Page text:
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The Dorm Gourmet: Mongolian Beef for Two Recipe
The two men walked bow-legged and with a commanding posture. They were strikingly dressed in colorful, robe-like silken outfits. Who were these guys and where did they come from? As a foreign student myself in Budapest in the 1980’s, whenever my professor and I saw other foreigners, we loved to play “whence they came”. These two were a formidable challenge. I had no idea. A moment or two later, my professor had a knowing look in his eyes.
We never confirmed it, but the explanation was simple, and I am sure correct. Mongolians are a herding, nomadic people. These men clearly had spent the better part of their lives on horseback; one could practically see the outline of a horse’s back between their bowed legs. At the time, Hungary was a popular tourist destination for other members from the Soviet Bloc.
Ever since the encounter with the Mongolians in Hungary twenty-some years ago, I’ve held a sort of awe for these people so distant from my own life. I was reminded of my brief encounter with those fearsome-looking men this past week when I had the opportunity to try two different versions of a staple of Chinese restaurant menus: Mongolian Beef.
Both recipes were oniony, beefy stew-like mixtures with red pepper. One was a take-out item, the other was a frozen dinner. Neither was particularly good. Authenticity aside, I thought I could do better. I decided to stick with the basics: beef, onion and red pepper. I added carrots to improve the appearance and nutrition and kept the gooey cornstarch to a minimum. If you have fish sauce, I suggest a drop or two for the umami (deliciousness). The ingredients are all inexpensive and the recipe is easy to prepare.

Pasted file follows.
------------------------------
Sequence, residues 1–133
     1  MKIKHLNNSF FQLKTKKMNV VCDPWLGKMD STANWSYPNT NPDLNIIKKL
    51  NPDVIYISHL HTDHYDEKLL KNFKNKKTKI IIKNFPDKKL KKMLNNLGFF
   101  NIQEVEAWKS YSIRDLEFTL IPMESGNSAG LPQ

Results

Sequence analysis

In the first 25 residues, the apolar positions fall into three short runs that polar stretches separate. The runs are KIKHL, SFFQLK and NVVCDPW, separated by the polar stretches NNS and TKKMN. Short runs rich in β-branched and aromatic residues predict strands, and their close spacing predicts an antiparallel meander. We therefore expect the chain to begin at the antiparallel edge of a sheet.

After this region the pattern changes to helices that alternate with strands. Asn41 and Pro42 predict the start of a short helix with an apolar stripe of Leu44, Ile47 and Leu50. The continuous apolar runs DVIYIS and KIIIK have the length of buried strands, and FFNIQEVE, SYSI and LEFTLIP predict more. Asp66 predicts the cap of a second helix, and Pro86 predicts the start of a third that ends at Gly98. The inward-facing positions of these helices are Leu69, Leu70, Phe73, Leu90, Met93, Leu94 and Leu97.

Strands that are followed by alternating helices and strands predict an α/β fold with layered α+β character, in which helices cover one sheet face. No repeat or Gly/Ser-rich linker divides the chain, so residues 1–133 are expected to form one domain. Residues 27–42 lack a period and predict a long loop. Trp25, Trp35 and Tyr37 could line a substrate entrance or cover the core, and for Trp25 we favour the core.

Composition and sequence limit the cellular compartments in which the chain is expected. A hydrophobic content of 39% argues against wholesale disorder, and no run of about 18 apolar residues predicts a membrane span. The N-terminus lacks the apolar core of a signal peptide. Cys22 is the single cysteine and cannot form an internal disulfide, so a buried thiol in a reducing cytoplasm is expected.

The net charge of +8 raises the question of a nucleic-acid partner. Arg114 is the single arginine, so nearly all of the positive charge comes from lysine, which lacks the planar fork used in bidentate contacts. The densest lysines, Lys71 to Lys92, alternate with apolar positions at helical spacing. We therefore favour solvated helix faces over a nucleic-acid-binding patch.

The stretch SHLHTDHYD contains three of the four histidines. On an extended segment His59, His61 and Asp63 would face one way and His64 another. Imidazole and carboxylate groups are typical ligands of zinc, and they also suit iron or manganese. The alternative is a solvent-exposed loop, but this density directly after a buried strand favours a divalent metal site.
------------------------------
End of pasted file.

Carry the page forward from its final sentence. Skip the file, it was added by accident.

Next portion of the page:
Mongolian Beef for Two
8 oz. Chuck Steak, Eye of Chuck, Sirloin or similar inexpensive, but marbled cut
1 Medium White Onion, chopped
2 Medium Carrot, coined or julienned
½ Cup Chicken or Beef Broth
2 Scallions (green onions), cut into one-inch sections
1 Garlic clove, minced
1 Tablespoon Soy Sauce
1-1/2 Tablespoons Cooking Oil (Canola, Olive or Sesame)
½ teaspoon Red Pepper Flakes or to taste
1 teaspoon Cornstarch
2 drops of Fish Sauce (optional)
- Directions (stovetop) To
facilitate easy slicing, place beef in freezer for approximately one-half hour
before use. Remove beef from freezer,
cut across the grain into ¼ inch strips. If strips are more than two inches long, cut in two.
- In a deep-sided pan, heat oil over medium heat and add chopped white onions. Cook until transparent (3-5 minutes). Add minced garlic and stir for one minutes.Move onion garlic mixture to a small bowl and set aside.
- Add carrots to pan. Cook three to five minutes. Remove and add to the onion and garlic mixture.
- If pan is dry, add one or two teaspoons of oil; turn heat to medium high and add beef strips to pan. Stir occasionally for 5 to 10 minutes.
- Return carrots, onions and garlic to pan with the cooking beef strips. Reduce heat to medium; stir for one minute.
- Add the broth, soy sauce and red pepper flakes to the pan and reduce sauce for 5 to 10 minutes. To thicken the sauce, add a cornstarch slurry of one 1 Tablespoon water and 1 teaspoon cornstarch.
- Add green onions immediately before serving.
Adjustments for Simplified, Rice Cooker Preparation
1. Use the “cook” setting for the entire process.
2. Cut beef into smaller pieces to reduce cooking time and guarantee doneness.
3. Leave all ingredients in cooker throughout process; use broth throughout to prevent overcooking of vegetables.